Overcome the “ERROR 1153” when importing large databases

Migrating a WordPress site is something I do a lot on a weekly basis. Many migrations happen between local environments or production and staging. The source and target systems don’t necessarily have the same settings. From time to time you have to migrate a site with a large database. In these cases, you might run into this error:

ERROR 1153 (08S01) at line 56: Got a packet bigger than 'max_allowed_packet' bytes

This can happen when a single INSERT statement on the import is too large. In this blog post, I want to give you tips on how to import the database.

Create a new backup with smaller imports

When you export your databases, you probably use either the mysqldump command, the wp db export or a database management tool such as Adminer or phpMyAdmin. In the default settings, they will create INSERT statements that would not only import a single line into a table, but multiple of them. This is usually a good strategy, as it speeds up the import. But if one of those statements become too long, you will run into the error.

To solve it, you can try to create an export of the database, that only has one single row in any INSERT statement. This will make the import run longer, but it’s more likely it succeeds.

To create an export like this, you can use the WP-CLI with some additional mysqldump arguments:

wp db export --extended-insert=FALSE --complete-insert=TRUE

This should create such an export file. Now you should hopefully be able to import that database dump.

Increase the “max_allowed_packet” value

If you are still unable to import the database dump file, you probably have to increase the value of “max_allowed_packet”. The default value can usually only be changed by the server administrator. But you can often increase the value temporarily. For this, you connect to the MySQL server, increase the value and import the file. I will use the wp db cli command from the WP-CLI. This will connect me to the correct database of my WordPress installation. Now I can run the commands:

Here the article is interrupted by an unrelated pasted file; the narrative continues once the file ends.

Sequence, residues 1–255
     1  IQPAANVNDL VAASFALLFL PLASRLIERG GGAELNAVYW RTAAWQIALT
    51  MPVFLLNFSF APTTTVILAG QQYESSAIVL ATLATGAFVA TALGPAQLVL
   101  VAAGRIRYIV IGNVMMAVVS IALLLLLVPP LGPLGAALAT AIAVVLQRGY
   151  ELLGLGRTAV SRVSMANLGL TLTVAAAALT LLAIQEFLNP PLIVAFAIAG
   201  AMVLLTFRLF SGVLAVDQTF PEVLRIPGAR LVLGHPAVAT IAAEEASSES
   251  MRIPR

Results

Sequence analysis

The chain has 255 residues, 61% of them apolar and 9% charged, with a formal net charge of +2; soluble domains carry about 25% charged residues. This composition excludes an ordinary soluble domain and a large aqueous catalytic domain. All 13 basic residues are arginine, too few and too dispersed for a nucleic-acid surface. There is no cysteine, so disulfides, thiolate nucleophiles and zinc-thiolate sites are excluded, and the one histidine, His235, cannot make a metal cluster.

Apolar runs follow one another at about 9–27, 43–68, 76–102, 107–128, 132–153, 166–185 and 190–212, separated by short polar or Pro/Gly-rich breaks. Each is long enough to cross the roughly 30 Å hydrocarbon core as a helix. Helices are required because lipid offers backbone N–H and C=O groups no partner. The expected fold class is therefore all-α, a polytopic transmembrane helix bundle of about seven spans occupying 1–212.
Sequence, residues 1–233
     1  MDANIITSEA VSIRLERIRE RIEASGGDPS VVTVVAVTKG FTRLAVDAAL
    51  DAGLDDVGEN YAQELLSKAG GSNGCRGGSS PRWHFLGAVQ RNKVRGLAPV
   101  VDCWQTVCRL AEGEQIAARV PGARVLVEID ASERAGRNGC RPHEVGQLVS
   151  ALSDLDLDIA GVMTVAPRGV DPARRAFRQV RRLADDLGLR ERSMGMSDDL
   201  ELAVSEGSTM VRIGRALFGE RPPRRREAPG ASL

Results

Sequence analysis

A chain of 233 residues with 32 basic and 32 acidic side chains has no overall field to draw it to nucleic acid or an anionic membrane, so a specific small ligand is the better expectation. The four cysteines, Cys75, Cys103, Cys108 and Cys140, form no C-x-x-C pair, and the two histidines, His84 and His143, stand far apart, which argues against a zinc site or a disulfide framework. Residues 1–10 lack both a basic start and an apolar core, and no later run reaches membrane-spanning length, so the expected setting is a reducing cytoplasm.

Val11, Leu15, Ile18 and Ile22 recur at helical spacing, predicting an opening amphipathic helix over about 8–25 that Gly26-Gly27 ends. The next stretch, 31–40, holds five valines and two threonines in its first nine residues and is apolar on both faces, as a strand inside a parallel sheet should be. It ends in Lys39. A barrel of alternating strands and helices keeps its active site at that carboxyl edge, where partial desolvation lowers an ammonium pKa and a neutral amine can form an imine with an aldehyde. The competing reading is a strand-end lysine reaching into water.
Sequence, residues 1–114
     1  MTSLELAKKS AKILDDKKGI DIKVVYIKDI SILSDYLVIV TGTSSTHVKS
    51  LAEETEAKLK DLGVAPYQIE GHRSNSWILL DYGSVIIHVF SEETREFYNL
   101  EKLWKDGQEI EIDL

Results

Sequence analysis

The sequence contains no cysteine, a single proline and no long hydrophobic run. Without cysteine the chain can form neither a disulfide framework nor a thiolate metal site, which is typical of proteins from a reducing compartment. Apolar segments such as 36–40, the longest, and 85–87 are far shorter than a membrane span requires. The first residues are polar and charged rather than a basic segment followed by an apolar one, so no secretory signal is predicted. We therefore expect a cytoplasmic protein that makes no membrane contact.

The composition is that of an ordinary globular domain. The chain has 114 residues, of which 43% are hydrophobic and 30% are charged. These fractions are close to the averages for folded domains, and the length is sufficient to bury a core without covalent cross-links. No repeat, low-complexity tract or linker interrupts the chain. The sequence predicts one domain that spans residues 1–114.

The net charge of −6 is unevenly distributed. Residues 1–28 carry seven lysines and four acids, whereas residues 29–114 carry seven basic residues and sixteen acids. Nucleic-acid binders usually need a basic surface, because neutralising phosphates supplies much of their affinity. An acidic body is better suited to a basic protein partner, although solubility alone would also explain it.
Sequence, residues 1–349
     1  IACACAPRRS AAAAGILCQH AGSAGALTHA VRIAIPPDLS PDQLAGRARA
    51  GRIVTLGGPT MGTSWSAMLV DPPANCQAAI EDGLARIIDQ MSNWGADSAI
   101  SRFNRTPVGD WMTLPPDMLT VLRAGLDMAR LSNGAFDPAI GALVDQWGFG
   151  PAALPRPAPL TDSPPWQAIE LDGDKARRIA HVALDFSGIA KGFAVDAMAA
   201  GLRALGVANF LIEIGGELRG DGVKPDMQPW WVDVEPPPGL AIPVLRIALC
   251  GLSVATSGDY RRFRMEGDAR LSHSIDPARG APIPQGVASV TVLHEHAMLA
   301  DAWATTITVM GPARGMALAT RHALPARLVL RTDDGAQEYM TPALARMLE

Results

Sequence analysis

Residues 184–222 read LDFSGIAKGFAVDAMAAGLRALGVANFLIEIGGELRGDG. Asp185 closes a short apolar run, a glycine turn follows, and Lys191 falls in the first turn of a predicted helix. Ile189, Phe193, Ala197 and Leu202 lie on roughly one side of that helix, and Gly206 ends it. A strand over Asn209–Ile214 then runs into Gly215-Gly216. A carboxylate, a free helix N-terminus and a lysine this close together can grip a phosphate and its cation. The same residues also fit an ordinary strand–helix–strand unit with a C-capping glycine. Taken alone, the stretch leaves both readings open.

SET GLOBAL max_allowed_packet=1*1024*1024*1024;
SOURCE db_dump_filename.sql;

The first command will set the variable globally to 1 GB. Unlike in the MySQL configuration file, you can not use a value of “1G” in this statement, but you have to use a number in bytes. But as you can also use a calculation while setting the value, in the above notation it’s easier to see, what the value in bytes will be.

Conclusion

Importing large databases can be an issue. But with these tips you can hopefully import it yourself. If not, ask a server administrator to help you out. They probably have tools to do the import for you. And if you yourself write data into the database, please make sure rows don’t get too large.

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Bernhard is a full time web developer who likes to write WordPress plugins in his free time and is an active member of the WP Meetups in Berlin and Potsdam.

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